#sqlpass Keynote Day 2

Today was the 2nd day of the SQL PASS conference, and as always there was a keynote. Todays keynote was by Douglas McDowall who is the VP of Finance, Thomas LaRock who is the VP of Marketing, followed by Dr. David Dewitt from Microsoft.

Douglas talked to the members at large about the financial health of the PASS organization. PASS is proud to now have a $1M rainy day fund so that we can survive though rough years like the years that we had a few years ago.

Bill Grazino took the stage for a few minutes in order to thank out going board members Rushabh Mehta (Immediate Past President), Douglas McDowall (VP of Finance) and Rob Farley (Board Member).

When Tom LaRock took the stage he started by introducing the new members to the board of directors which included Jen Stirrup, Tim Ford and Amy Lewis. For the PASS BA Conference we are moving to San Jose during May 7-9th and for the PASS Summit we will be back in Seattle from November 4-7. Early Bird registration will only be open until mid-December, so if you plan to sign up for the early bird rate, be sure to sign up soon at sqlpass.org.

Dr. David Dewitt took the stage and started his keynote, which this year is all about Hekaton (aka. In Memory OLTP Tables). Hekaton is a memory-optimized yet fully durable high performance OLTP engine which has been integrated into SQL Server 2014. For Hekaton Microsoft did a major rewrite of the core engine of SQL Server to fit this new engine into the existing database engine as they didn’t want to introduce a new Windows service to run this new In Memory database engine.

On of the primary reason that Hekaton is so fast compared to the traditional database engine is because of the lack of latching and locking as they don’t exist when using Hekaton tables. This is the core reason that Hekaton is able to get very close to being 100 times faster than the normal database engine.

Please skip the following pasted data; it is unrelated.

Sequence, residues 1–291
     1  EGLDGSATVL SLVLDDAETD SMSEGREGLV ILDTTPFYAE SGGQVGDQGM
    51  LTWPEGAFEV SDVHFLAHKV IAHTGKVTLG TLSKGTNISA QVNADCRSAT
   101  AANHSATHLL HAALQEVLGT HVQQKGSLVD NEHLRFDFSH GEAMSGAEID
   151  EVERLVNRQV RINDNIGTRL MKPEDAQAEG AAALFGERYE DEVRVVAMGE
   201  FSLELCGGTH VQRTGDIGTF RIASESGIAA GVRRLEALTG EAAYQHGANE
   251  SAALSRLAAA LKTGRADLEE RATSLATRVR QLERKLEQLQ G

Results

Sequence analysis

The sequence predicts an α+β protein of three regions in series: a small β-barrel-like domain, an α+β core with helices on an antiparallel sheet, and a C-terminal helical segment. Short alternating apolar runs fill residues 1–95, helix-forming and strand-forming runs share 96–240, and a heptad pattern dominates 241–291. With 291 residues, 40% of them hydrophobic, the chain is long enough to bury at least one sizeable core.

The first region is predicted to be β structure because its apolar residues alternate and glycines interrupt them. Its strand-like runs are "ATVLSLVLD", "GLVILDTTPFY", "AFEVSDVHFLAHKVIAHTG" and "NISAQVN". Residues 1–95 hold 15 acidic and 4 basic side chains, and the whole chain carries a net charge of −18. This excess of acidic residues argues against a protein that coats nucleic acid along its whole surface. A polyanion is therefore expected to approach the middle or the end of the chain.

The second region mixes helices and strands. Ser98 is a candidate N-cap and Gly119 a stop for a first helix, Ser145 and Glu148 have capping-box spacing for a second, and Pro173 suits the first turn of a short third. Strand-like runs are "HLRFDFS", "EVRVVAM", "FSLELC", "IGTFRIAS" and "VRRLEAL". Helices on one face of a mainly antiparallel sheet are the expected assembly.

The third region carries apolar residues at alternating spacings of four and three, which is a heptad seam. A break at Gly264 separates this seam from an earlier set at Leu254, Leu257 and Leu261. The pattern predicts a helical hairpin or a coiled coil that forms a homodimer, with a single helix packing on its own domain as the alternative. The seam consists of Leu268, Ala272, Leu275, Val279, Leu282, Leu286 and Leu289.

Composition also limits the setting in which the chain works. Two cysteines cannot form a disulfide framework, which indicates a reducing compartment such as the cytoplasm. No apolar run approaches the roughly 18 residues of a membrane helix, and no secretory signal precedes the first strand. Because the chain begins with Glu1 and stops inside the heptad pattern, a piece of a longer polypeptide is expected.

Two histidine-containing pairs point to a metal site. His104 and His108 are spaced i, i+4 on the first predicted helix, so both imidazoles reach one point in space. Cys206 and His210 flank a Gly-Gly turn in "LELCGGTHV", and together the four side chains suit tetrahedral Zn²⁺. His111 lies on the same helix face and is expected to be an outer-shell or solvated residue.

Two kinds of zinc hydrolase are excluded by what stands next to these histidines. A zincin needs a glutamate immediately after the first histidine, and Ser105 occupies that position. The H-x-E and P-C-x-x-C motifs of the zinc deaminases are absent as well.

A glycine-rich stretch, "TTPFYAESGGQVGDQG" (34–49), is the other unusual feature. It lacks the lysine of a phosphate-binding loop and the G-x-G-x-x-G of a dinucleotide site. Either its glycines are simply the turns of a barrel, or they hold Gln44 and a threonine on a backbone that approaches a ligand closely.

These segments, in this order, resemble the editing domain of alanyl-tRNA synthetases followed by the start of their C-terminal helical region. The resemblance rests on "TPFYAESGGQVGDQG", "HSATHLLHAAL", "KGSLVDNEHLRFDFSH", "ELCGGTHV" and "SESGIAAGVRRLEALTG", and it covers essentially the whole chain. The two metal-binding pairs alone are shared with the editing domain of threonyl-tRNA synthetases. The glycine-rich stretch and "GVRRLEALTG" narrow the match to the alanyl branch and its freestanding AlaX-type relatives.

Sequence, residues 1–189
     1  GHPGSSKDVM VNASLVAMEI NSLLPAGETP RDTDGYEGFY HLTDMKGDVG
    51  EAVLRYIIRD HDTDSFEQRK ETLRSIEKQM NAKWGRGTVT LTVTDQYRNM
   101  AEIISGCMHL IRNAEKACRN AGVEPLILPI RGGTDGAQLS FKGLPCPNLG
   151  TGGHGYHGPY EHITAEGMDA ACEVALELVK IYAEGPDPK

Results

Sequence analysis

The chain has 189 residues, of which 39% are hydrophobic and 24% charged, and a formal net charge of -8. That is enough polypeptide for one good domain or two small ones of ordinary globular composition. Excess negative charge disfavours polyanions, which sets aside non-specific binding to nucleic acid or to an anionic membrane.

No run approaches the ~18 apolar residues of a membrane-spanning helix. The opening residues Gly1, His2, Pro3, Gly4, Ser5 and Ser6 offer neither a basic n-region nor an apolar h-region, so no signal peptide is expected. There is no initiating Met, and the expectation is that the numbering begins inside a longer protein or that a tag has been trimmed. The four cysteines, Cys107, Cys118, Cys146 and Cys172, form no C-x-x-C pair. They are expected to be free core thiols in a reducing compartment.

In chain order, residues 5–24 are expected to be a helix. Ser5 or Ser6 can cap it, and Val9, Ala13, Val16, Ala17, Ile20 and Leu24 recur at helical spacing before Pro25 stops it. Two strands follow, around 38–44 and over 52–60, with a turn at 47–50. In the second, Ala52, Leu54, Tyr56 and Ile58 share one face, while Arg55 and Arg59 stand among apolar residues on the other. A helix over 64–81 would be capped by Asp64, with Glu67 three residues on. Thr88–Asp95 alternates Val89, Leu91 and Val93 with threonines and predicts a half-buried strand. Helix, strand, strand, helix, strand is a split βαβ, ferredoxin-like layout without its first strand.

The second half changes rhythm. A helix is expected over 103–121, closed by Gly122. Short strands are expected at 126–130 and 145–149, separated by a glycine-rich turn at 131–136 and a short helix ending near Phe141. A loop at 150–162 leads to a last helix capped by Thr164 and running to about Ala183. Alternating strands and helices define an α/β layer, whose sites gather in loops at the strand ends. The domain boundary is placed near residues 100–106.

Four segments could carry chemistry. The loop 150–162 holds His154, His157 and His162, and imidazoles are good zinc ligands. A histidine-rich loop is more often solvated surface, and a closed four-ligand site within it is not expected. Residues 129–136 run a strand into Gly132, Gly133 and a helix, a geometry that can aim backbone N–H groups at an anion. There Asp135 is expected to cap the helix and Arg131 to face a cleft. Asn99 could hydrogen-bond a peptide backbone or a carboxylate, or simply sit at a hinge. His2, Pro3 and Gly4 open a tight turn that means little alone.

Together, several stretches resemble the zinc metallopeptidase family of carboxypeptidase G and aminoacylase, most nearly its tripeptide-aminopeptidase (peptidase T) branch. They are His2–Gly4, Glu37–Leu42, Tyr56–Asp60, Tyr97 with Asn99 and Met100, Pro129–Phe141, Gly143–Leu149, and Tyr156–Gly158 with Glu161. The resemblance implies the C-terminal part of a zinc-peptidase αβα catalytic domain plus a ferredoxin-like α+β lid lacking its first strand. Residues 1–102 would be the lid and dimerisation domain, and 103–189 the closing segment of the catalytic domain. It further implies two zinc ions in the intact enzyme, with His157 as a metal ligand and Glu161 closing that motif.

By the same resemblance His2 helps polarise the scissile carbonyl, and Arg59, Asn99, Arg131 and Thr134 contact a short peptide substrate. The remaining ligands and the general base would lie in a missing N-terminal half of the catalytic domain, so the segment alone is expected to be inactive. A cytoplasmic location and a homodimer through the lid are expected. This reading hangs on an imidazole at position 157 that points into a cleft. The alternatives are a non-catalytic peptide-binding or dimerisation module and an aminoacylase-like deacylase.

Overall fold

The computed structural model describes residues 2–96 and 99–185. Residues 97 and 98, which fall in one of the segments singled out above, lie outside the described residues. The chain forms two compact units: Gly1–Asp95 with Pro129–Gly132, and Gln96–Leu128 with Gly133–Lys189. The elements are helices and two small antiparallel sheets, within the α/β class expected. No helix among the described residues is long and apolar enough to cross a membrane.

Dr. Dewitt explained how latches work for those who aren’t used to looking at latches. Latches are used as a special kind of lock which are used to ensure that a process that is attempting to query for a page which is in the process of being read from the disk has to wait until the page read from the disk has been completed by the storage engine of the database engine.

One question that Dr. Dewitt gets asked a lot, and that I’ve been asked several times as well, is “is Hekaton the new pinned tables”? The answer here is no. Hekaton is a totally different way of processing data. By simply putting tables into memory and pinning the table there you wouldn’t even be able to get a 10X performance improvement which wasn’t enough to justify the time and money which Microsoft wanted to spend while making this product. Hekaton is actually the third query engine in the SQL Server database product. There’s the normal relational engine which we’ve been using for years, the ColumnStore engine (project Apollo) and not the Hekaton engine for these ultrafast database engine.

When building a Hekaton engine you MUST have a PRIMARY KEY defined on the table which is nonclustered and must be HASH or RANGE defined. For v1 there are no blobs and no XML data types available for Hekaton tables, which will hopefully be fixed in the release after SQL Server 2014.

Some of the big changes in the way that Hekaton handles data changes without locking is to change the way that updates are done. The big change here is that when an UPDATE is run the row isn’t actually change. A new row is added to the table and the old row is “expired”. This expiration is done by marking a timestamp of sorts (it’s closer to a transaction ID than a timestamp) as the last transaction which the old version of the row is valid for and when the new version of the row is written it is marked as having a beginning timestamp of the transaction time when the transaction was started. When select statements are accessing rows they use this timestamp to figure out which version of the row they should be looking at. This is a VERY different way of managing changes in the database tables from what we have had until now.

When are older row versions deleted? There’s a garbage collector which runs in the background watching for when there are rows which are expired with an earlier timestamp than any of the current transactions. At that point the old version of the rows can be deleted. This means that there’s no blocking that can possibly happen (if there was blocking in Hekaton tables) while this is happening as there are no transactions which could possibly read these older rows. Based on this is someone was to begin a new transaction and never commit the transaction none of the older rows would be able to be deleted.

I hope that you enjoyed the keynote from Dr. Dewitt as much as I did, and hopefully I’ll see you at the summit next year.



Leave a Reply

This site uses Akismet to reduce spam. Learn how your comment data is processed.

Trust DCAC with your data

Your data systems may be treading water today, but are they prepared for the next phase of your business growth?